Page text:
failure  data  and  the  results  of  modeling  activities  are

displayed.  Contents of the graphics display window can also be

shown in tabular form in another text window.

  1.  File Operations

There are six operations that can  be  performed  by  selecting

items from the File pull-down menu.  These are: "Open", "Save",

"Save As", "Setup Printer", "Print", and "Exit".   The  defini-

tion and usage of these operations follow the usual conventions

in modern user-interface designs.

The File menu appears underneath the File button  on  the  main

menu bar when the File button is selected and clicked.  As long

as the File button remains selected, users can navigate through

the File menu.  Menu item selection is accomplished by pointing

to an item in the menu and then releasing the mouse button.

  2.  Editing Operations

Users will have available to them four editing operations which

allow them to modify the currently displayed work space.  These


1.   Undo - allows users to undo the most recent CASRE operation.

2.   Convert Type - allows users to convert  failure  data  in  the

     form of interfailure times to failure counts and test interval

     lengths, and vice versa.

3.   External Editor - allows users to invoke a preferred text edi-

     tor,  word  processor, or other application from within CASRE.

     The application is selected from a user-configurable menu.

4.   Escape to DOS - allows users to temporarily escape to DOS  and

     execute DOS commands.  Users may then re-enter CASRE by typing

     "exit" at the DOS prompt.

  3.  Transformation and Smoothing Operations

Filtering operations allow users to perform global modifications to

the  failure  data displayed in the work space.  Since failure data

is frequently noisy, and may be noisy to the point that it is  dif-

ficult  or  impossible to estimate model parameters, users may wish

to apply a smoothing operation to the data to remove  some  of  the

noise.   Users  may  also wish to apply other transformations which

will allow them change the shape and position of the failure  data.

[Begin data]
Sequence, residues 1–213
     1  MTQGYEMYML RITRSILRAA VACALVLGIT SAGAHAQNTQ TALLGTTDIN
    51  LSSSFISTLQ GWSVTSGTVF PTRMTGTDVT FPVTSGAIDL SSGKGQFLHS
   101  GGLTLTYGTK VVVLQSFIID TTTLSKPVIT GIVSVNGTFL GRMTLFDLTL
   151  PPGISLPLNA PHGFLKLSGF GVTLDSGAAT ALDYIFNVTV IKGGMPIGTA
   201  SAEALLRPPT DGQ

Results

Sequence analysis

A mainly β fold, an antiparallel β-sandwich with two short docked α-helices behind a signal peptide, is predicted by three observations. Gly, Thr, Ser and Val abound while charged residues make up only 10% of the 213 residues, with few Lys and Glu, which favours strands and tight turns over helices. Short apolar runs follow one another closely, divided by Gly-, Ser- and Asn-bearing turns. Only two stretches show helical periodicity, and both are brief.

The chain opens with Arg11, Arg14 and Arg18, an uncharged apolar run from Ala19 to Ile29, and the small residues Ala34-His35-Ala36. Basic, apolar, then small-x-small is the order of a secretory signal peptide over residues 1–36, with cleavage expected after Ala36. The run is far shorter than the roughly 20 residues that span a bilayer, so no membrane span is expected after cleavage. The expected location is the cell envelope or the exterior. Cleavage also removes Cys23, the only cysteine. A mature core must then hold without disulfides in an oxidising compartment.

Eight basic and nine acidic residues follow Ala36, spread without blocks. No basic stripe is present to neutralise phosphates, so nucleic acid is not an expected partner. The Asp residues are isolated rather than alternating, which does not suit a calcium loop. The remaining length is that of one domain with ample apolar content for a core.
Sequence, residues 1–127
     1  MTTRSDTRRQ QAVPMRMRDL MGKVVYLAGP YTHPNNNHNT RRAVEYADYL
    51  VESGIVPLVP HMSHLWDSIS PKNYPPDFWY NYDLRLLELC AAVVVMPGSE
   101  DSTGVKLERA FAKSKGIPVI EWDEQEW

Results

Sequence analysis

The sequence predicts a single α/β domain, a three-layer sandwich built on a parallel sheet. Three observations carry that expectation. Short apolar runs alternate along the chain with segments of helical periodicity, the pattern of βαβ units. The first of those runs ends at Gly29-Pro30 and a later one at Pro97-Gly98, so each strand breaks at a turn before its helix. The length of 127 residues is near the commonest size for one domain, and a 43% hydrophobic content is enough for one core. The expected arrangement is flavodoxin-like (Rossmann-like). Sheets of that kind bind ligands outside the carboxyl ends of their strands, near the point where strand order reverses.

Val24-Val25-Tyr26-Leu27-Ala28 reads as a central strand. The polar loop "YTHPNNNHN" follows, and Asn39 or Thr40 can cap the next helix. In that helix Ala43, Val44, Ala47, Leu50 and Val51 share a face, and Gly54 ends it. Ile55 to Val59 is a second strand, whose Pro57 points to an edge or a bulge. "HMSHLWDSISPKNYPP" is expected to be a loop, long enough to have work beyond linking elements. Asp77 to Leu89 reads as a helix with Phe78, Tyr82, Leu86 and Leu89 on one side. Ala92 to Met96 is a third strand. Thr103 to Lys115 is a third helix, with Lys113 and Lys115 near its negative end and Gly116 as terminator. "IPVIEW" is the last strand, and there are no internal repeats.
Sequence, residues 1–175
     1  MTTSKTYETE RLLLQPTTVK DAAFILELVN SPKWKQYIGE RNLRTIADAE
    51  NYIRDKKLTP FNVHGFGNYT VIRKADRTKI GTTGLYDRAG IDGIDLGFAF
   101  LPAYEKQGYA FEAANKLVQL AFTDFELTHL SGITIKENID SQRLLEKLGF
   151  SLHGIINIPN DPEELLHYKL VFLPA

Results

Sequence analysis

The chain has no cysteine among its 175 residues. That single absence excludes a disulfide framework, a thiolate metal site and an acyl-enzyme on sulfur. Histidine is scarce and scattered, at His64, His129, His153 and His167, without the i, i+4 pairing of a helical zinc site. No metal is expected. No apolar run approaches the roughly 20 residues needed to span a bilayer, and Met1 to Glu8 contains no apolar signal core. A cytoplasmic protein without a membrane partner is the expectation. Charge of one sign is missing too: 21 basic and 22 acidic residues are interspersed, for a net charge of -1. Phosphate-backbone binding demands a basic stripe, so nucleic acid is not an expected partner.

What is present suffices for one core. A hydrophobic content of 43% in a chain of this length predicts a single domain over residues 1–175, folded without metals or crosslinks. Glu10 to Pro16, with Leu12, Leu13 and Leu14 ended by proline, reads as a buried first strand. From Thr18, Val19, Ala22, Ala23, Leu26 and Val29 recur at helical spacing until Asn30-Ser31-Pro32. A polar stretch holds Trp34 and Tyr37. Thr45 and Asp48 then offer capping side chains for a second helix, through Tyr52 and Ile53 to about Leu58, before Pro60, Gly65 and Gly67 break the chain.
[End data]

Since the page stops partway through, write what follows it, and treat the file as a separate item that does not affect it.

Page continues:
For  instance,  one  of  the transformations can change exponential

data to a straight line.

There are three types of filtering operations; these are  transfor-

mation,  smoothing,  and  data subsetting.  Multiple transformation

and smoothing filters may be applied to  the  data  in  a  pipeline

fashion.   There  is  also  a  "Undo All Filters" facility allowing

users to remove all of the filters that have been  applied  to  the

data.  The filtering capabilities are as follows:

     o  Affine Transformations

          -    Scaling and Offset - (X(i) * A) + B

          -    Power - X(i) ^ A

          -    Logarithmic - ln(A * X(i) + B)

          -    Exponential - exp(A * X(i) + B)

     o  Smoothing (to use "Hann Window")

     o  Subset Data (to select severity)

     o  Remove All Filters

  4.  Model Selection and Application

CASRE allows users to select and apply existing software  reliabil-

ity  models  to the data displayed in the work space.  These models

include Farr Survey

1.   Brooks and Motley Model (BM)

2.   Geometric Model (GM)

3.   Goel-Okumoto (GO)

4.   Jelinski-Moranda (JM)

5.   Littlewood Model (LM)

6.   Littlewood-Verrall (LV)

7.   Musa-Okumoto (MO)

8.   Generalized Poisson Model (PM)

9.   Schneidewind Model (SM)

10.  Yamada Delayed S-Shape Model (YM)

Users are also allowed to define combinations of  existing  models,

edit specifications of user-defined models, and remove user-defined

models from the menu of available models.  Users may  also  specify

the parameter estimation method, the confidence bounds that will be

reported for model parameters, and the  amount  of  time  into  the

future  for  which reliability predictions will be made.  The Model

menu items are:

1.   Model Selection - allows users to select and apply one or more

     software  reliability  models to the failure data displayed in

     the work space.

2.   Model Definition - allows users to define  combination  models

     to  supplement  models  already provided with the tool.  User-